ment, that persisted for three or four days, alternated with periods of
almost complete insensibility of about equal duration.

(b) Brain-tumor. — The symptoms pointing to brain-tumor will be dis-
cussed under this head in the section on Nervous Diseases. The syph-
ilitic nature of the cerebral growth cannot be determined with any
degree of certainty except in the presence of a clear history of syphilis
— congenital or acquired — and the characteristic symptoms or traces of
the primary, secondary, or tertiary lesions. In such cases the diagnosis
is almost undoubted.

It must be remembered that the secondaries are either sometimes
absent or go unnoticed, and if the patient has had a primary sore, the
presence of the characteristic symptoms of brain-tumor (headache, optic
neuritis, convulsions, etc.) make the existence of specific nerve-lesions
highly probable. The chancre may also be overlooked or denied, and
it is in such instances as the latter that the occurrence of convulsions
in persons over thirty should excite suspicion, and lead to a trial of the
antisyphilitic treatment for further confirmation.

(c) Paralysis. — This may take the form of hemiplegia (due to cerebral
hemorrhage or tumor) or of general paralysis {dementia paralytica).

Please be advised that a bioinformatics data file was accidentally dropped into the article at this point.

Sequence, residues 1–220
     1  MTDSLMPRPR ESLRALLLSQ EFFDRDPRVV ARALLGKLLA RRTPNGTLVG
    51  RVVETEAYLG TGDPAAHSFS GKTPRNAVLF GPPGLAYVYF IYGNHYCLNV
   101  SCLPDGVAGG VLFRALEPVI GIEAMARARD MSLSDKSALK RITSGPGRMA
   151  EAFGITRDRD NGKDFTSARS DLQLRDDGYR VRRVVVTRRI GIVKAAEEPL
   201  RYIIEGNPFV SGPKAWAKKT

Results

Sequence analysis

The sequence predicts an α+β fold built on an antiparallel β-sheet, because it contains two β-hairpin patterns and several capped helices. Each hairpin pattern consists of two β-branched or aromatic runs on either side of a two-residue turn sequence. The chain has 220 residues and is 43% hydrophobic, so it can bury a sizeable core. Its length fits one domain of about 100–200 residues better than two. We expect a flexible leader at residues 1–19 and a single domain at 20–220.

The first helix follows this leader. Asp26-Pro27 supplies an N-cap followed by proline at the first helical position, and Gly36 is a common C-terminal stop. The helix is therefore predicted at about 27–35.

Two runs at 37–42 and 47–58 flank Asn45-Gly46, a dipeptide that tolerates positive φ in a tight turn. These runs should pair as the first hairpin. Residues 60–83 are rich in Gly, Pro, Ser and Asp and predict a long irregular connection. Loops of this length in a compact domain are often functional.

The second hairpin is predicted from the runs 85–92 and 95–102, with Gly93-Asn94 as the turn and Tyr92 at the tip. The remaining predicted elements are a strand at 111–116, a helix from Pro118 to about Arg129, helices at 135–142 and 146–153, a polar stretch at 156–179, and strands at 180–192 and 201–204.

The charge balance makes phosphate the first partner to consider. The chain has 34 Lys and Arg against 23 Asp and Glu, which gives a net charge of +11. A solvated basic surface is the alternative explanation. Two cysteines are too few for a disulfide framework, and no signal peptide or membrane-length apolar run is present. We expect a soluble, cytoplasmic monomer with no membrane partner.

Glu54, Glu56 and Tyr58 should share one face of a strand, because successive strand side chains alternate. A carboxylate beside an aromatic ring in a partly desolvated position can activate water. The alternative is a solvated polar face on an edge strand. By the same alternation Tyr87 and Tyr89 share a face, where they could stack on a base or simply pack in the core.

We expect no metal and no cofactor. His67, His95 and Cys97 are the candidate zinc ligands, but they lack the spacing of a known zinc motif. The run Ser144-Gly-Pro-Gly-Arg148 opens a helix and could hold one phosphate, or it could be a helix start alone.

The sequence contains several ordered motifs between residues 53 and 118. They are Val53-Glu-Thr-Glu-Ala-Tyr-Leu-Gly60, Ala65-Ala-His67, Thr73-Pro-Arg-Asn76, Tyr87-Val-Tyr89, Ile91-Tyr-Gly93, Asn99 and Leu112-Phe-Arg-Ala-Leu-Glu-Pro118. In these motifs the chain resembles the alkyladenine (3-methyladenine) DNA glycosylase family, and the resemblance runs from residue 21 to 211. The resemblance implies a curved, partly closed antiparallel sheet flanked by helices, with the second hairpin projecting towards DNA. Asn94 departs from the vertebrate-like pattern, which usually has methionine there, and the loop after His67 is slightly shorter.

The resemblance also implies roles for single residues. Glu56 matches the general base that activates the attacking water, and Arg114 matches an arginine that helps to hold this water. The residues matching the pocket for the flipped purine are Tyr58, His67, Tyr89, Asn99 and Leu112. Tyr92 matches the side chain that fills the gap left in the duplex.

The relation that these afi"ections bear to syphilis will be indicated in
its appropriate place in this work in the description of Nervous Dis-
eases. The fact may here be pointed out that syphilis may induce pre-
cisely the same changes met with in general paralysis of the insane.

The history of syphilitic infection, together with symptoms of an
atypical type of spinal tumor, points to gumma of the cord. Syphilitic
myelitis usually develops within five years after infection, and may pur-
sue an acute or subacute course, though oftener it takes the form of
chronic myelitis. The latter attacks by preference the lumbo-dorsali
section of the cord — a fact corroborated by the character of the symp-
toms. The clinical features, however, are not distinctively syphilitic ;
and the process is uninfluenced by the most vigorous antisyphilitic
measures. When the etiologic influence of syphilis can be shown,
especially in the absence of other causes, the diagnosis of syphilitic
myelitis rests upon more certain ground. Acute syphilitic myelitis
gives an unfavorable prognosis.

General Diagnosis. — The onset in nervous syphilis may be acute or
subacute, and the symptom-complex embraces a multiplicity of phenom-
ena, there being an especially erratic distribution of the ocular and
other attending palsies and early marked impairment of the mind.

Syphilis of the Liver.

In my experience the liver, with comparative frequency, bears the
stress of visceral syphilis.

Pathology. — The lesions may be thus classified : [a) Diffuse Syph-
ilitic Hepatitis. — This is met with chiefly in congenital cases, though I


have seen an instance in an adult who died of cerebral hemorrhage,
the occurrence of which in adult life has been questioned by some.
The liver is uniformly enlarged, firm, and resists the cutting knife. Its